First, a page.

A total of 1,000 cities in Europe lead the way in revamping energy usability by proposing different models to reduce pollution, according to a climate agency.
A European coalition – called Energy Cities – of local authorities from 30 countries, acts as a watchdog for energy transition and reduction in carbon dioxide emission. The consortium has been putting forward various energy transition initiatives expected to be replicated at a larger scale across Europe.
"Energy Cities tries to influence European legislation in the way that cities can implement the energy transition on site,” explained Eckard Würzner, president of Energy Cities, in a statement.
“The association helps understand complex European legislation, supports funding of measures and programmes and encourages the member cities to participate in European-wide projects."
According to Würzner, the progress in pollution reduction is visible, but more needs to be done to ensure that such programmes are successes. To promote achievements better European and national frameworks are required, he said.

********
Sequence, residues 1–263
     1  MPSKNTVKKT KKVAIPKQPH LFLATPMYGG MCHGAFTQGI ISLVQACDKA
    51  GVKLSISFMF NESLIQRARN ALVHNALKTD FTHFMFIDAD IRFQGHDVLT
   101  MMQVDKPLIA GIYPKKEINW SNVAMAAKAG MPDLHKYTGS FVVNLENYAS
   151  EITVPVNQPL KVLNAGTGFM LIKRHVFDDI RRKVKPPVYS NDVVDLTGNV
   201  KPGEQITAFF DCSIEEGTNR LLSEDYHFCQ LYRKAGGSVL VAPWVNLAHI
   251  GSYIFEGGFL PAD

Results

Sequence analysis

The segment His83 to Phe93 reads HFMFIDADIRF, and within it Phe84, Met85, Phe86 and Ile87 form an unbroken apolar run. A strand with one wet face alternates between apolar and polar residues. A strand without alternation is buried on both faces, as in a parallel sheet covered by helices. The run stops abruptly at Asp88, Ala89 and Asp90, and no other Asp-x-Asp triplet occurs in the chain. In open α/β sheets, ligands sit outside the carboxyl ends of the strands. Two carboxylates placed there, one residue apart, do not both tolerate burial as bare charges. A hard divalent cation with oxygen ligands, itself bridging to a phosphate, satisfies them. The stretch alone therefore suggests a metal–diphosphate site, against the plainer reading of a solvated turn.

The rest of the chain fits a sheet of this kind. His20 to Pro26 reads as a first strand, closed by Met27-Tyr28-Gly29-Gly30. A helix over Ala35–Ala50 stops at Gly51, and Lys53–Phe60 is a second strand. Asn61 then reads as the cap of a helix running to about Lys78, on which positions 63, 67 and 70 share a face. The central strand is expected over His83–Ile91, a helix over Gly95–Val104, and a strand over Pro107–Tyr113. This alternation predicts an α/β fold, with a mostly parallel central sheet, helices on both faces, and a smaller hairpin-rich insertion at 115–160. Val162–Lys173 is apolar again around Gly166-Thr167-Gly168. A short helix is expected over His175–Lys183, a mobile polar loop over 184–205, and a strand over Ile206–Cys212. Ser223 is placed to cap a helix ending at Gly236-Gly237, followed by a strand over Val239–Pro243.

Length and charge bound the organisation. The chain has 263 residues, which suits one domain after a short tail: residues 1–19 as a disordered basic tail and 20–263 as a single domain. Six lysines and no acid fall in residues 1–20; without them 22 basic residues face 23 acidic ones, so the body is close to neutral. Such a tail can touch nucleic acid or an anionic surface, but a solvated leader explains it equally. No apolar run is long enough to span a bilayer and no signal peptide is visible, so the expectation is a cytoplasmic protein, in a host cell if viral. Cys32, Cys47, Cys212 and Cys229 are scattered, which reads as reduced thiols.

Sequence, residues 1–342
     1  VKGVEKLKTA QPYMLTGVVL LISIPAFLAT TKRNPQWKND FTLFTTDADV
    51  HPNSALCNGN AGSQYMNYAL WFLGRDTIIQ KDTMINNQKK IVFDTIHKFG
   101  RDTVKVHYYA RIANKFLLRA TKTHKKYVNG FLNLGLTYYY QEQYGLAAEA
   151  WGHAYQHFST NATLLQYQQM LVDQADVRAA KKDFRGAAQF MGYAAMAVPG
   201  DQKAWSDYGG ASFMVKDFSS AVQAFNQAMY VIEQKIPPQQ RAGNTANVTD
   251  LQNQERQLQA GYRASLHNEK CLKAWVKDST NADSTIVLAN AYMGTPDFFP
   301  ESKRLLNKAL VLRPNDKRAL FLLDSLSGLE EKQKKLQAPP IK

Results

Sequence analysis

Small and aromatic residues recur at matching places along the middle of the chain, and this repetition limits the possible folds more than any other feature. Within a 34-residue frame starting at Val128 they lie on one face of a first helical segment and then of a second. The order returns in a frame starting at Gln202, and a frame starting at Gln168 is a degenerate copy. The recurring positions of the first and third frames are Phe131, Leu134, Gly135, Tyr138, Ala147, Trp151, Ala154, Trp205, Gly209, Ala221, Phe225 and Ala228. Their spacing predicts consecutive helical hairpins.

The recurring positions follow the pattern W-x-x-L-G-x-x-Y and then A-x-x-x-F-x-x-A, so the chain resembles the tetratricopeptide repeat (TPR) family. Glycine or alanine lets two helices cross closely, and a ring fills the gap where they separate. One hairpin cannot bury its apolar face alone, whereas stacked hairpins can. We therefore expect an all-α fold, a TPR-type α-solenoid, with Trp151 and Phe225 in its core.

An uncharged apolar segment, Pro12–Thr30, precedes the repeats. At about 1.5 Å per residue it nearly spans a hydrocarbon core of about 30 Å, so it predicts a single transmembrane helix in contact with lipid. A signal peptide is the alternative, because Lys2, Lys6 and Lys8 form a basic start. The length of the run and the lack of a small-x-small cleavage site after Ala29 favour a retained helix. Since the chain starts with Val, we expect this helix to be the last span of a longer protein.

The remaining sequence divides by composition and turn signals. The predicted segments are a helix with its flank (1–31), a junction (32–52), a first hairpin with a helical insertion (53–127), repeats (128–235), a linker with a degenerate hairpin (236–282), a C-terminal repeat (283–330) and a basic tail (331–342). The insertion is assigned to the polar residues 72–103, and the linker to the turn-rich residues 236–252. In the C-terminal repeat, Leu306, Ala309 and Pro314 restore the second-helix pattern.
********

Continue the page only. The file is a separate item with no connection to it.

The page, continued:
“Unfortunately European policies do not always coincide with local requirements, challenges and capabilities."
One such initiative is the EU-funded project CITyFiED, where districts in three different countries are provide with tailored energy and heating systems, each according to their climate region, in a bid to save up energy.
A total of 2,328 houses will have new systems installed in Sweden, Spain and Turkey aiming to save up to 50 per cent of the energy requirements.
"We are implementing innovative systems in order to cover all energy demands of the buildings with biomass, solar or thermal energy, in parallel with a drastic reduction of the thermal demand installing high-performance insulation solutions in the buildings,” said Sergio Sanz, project coordinator in Spain.
The European Union’s objective is to reduce carbon dioxide emissions with 20 per cent by 2020.